Call me cynical, but I don’t consider any person or group a friend or an ally until they’ve demonstrated it. Words mean nothing. Mainstream reputation means nothing.

    The mainstream press has never been particularly trans-friendly. Historically, it has ignored us except when they want to pander to people’s prurient interest. Most major publications have been happy to give a platform to famous transphobes and to spread transphobic memes. In particular, the Economist is socially as well as politically conservative, and The Stranger features Dan Savage, a notably misogynistic and transphobic columnist. But the others are no better — the BBC recently did a transphobic “documentary,” the NY Times is actually rather openly right-wing these days, etc., etc.

    So many so-called “liberal” groups turn out to be misogynistic and racist in actual practice (and it was already that way back in the 1960’s.) So-called “LGBT” groups turn out to be misogynistic and bi- and transphobic. The two “LGBT” centers in my area have turned out to be primarily for the cis gay male community, and often just the white cis gay male community. The HRC likewise. I’ve actually gotten more support from the mainstream communities I spend time in than from any of the organizations that are supposedly there for the “LGBT” community.

    Heck, even the National Center for Transgender Equality was willing to throw us under the bus when the (cis white gay male) Gill Foundation dangled some money in front of them.

  2. Siobhan says

    Heck, even the National Center for Transgender Equality was willing to throw us under the bus when the (cis white gay male) Gill Foundation dangled some money in front of them.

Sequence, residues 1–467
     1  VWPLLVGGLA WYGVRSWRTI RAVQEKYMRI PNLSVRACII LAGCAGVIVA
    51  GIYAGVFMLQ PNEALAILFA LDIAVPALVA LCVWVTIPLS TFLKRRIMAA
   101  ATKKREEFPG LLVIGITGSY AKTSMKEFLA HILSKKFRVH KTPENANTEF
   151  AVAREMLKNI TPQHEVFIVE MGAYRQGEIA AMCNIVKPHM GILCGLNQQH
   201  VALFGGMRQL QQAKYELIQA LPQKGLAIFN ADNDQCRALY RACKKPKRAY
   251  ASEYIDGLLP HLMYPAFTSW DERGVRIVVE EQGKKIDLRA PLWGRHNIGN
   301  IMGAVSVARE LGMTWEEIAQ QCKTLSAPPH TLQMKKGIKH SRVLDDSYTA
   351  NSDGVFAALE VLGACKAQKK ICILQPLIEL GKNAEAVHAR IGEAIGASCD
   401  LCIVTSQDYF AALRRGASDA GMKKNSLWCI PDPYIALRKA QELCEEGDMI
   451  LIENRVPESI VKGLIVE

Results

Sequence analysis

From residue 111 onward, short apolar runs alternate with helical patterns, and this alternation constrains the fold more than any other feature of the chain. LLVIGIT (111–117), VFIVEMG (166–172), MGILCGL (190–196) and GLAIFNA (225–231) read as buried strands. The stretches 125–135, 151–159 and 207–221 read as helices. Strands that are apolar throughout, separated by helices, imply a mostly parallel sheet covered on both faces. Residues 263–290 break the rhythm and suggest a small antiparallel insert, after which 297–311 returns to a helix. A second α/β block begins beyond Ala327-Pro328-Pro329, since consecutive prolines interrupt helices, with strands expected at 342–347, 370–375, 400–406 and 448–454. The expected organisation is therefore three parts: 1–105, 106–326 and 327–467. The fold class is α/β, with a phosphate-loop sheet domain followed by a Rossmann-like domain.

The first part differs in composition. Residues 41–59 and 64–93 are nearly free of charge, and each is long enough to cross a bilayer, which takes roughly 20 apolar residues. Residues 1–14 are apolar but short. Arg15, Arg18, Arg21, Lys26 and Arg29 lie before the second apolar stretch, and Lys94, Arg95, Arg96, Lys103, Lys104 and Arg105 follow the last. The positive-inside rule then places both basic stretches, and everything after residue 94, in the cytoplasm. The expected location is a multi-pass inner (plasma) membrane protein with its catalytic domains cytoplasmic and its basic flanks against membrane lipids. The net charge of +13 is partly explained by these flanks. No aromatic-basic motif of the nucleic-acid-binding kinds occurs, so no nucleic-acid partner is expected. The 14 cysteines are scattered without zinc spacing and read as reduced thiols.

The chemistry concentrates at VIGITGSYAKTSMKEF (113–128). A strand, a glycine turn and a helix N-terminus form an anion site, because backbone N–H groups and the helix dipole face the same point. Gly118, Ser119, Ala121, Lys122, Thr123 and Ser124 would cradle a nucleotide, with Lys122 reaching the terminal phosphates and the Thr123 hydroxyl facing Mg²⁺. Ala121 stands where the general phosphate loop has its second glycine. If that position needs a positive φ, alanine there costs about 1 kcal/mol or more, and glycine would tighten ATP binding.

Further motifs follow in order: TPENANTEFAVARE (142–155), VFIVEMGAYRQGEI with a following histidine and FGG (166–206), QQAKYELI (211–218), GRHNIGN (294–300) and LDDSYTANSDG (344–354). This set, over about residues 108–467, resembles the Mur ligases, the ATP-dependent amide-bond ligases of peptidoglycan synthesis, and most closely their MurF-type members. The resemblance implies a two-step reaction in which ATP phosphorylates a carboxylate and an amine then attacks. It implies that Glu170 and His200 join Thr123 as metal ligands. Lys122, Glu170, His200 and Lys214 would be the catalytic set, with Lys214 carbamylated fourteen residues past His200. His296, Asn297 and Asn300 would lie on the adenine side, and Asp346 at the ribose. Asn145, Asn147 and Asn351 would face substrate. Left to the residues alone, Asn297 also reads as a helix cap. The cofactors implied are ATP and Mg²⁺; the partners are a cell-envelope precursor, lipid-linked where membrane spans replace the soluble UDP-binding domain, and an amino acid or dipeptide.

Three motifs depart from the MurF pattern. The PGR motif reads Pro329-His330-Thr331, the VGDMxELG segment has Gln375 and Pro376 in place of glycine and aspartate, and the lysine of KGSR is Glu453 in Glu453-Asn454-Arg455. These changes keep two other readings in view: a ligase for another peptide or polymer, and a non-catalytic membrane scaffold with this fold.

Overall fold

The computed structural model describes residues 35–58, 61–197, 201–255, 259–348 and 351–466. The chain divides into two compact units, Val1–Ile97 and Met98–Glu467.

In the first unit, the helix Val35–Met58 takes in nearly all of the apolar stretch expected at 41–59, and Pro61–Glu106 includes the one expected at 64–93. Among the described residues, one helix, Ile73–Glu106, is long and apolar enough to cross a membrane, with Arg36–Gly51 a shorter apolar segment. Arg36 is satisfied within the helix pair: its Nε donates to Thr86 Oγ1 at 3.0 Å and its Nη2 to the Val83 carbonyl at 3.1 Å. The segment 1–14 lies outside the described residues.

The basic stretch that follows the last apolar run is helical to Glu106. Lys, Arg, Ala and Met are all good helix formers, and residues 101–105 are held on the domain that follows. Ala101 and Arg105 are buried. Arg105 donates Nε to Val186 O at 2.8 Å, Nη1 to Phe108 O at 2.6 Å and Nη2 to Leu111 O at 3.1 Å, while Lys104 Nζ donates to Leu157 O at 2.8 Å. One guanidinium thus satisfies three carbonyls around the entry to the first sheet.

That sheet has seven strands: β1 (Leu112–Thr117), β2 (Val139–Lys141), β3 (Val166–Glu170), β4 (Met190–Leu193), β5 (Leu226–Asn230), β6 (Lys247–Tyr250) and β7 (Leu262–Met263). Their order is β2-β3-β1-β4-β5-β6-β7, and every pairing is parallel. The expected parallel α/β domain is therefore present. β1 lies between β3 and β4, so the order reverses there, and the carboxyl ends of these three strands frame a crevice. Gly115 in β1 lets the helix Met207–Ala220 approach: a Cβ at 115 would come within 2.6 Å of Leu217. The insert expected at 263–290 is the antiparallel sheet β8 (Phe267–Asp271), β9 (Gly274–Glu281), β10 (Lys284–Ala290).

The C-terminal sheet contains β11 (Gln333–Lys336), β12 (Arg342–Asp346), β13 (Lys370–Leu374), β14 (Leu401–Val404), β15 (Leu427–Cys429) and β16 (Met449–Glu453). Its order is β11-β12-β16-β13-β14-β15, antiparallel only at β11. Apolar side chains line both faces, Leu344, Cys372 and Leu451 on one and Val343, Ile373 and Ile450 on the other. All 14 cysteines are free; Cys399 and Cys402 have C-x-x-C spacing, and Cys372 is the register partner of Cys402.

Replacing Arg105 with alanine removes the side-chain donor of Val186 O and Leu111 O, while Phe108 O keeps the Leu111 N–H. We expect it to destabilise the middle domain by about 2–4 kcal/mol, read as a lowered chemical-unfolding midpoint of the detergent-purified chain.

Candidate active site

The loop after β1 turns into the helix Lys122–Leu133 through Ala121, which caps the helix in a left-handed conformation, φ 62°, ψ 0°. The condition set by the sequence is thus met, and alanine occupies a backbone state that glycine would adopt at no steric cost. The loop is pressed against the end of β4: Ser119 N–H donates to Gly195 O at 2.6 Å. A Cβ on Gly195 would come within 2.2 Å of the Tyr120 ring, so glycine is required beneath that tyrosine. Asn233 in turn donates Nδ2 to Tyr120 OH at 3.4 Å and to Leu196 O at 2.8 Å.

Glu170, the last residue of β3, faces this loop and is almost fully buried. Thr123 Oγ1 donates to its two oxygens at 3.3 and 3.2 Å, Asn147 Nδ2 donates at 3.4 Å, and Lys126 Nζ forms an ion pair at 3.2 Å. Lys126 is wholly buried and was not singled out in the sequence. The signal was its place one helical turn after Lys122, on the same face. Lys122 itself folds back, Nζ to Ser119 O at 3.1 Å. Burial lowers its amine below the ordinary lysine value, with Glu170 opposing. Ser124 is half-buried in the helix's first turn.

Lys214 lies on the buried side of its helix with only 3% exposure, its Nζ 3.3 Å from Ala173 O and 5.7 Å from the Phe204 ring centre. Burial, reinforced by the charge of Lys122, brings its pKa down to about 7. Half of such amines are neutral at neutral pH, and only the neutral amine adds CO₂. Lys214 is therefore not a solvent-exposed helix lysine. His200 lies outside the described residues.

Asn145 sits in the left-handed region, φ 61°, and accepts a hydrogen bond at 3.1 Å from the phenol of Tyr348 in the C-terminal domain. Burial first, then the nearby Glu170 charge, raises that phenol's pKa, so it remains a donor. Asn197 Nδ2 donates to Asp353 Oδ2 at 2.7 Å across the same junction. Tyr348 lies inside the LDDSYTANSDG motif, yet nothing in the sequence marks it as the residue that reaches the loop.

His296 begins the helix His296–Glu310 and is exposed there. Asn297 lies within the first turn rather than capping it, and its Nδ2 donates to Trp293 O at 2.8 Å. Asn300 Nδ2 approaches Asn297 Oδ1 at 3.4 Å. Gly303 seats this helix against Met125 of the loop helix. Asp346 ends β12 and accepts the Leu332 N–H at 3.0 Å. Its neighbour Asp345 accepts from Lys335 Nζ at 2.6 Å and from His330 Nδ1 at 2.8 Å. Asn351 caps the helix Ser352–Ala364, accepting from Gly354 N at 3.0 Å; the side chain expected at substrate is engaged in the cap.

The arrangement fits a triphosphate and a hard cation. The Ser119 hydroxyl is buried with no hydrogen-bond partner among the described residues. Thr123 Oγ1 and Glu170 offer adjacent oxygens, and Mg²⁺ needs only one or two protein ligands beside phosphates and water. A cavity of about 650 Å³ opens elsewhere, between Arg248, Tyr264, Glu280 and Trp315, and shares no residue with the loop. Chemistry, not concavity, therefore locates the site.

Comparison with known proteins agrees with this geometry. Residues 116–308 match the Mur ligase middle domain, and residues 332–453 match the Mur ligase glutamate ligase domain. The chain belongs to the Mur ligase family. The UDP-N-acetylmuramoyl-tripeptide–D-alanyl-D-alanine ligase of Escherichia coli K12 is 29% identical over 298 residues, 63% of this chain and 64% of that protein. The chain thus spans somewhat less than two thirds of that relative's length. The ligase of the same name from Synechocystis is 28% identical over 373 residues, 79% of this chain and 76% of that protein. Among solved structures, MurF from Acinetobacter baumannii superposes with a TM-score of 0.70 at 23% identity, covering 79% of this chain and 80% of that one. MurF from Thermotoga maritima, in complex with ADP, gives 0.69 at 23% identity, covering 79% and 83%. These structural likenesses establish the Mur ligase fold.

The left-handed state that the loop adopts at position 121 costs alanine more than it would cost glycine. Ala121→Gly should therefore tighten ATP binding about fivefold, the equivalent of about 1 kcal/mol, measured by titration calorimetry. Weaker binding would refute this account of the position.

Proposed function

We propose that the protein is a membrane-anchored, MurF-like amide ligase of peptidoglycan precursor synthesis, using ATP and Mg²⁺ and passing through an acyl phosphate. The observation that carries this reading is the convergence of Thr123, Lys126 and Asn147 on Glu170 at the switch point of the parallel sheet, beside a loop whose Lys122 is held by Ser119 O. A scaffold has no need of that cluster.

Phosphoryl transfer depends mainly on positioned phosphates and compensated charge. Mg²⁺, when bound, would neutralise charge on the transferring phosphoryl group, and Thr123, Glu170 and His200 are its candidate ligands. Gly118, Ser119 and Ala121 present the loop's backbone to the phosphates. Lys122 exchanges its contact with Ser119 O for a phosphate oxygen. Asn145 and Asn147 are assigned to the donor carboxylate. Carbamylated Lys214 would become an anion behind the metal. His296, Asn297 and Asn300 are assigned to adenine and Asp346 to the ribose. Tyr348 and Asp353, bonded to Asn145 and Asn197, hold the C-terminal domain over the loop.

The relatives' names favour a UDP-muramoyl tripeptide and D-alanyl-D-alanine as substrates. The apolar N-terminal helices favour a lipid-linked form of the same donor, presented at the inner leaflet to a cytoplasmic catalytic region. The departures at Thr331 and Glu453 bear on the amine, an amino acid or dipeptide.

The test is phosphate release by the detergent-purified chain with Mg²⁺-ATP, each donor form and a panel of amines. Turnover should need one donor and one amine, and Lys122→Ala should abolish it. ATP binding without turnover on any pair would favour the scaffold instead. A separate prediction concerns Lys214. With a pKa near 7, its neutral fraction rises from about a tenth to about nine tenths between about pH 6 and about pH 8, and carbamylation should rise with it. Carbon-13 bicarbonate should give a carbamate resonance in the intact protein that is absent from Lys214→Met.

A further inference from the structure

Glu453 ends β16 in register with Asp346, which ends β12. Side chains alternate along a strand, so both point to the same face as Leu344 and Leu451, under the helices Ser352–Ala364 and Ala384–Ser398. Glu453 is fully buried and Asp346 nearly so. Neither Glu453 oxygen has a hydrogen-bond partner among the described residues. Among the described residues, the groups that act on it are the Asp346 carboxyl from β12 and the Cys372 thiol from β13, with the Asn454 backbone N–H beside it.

Good times, good times.

  3. silverfeather says

    There are a lot of details I still don’t grasp all the nuances of (because I have the luxury of not being forced to do all the research to defend my own existence and humanity), but what keeps being striking to me is the lack of care in the transphobic positions across the board.
    They seem to be consistently willing to look past all the murder and suicide statistics, the science that confirms the complexity of sex (there aren’t “just two” wrapped in a neat little bow), and the experiences of trans people with their gender identities who are basically asking to just be able to live authentically in the world. All the evidence of fellow humans in pain… all hand waved away so that they can ask some version of the question “but are trans people really, really, real?”
    Meanwhile, the trans community and their advocates are doing their best to care for individuals on a case by case basis. The discussions I see on this side are thoughtful, ethical, nuanced, and focused on how to help. They are light years ahead of these mainstream articles in both content and morality.

  4. Raucous Indignation says

    Is that what’s being written? Really? That some transition back? I am so sorry. I couldn’t get through that article you linked. Maybe it’s obvious to me from my medical training that the only questions that matter are these: what are the short and long terms benefits from transition therapy and how to ameliorate the risks associated with the drug therapy. Everything else is worthless or harmful punditry.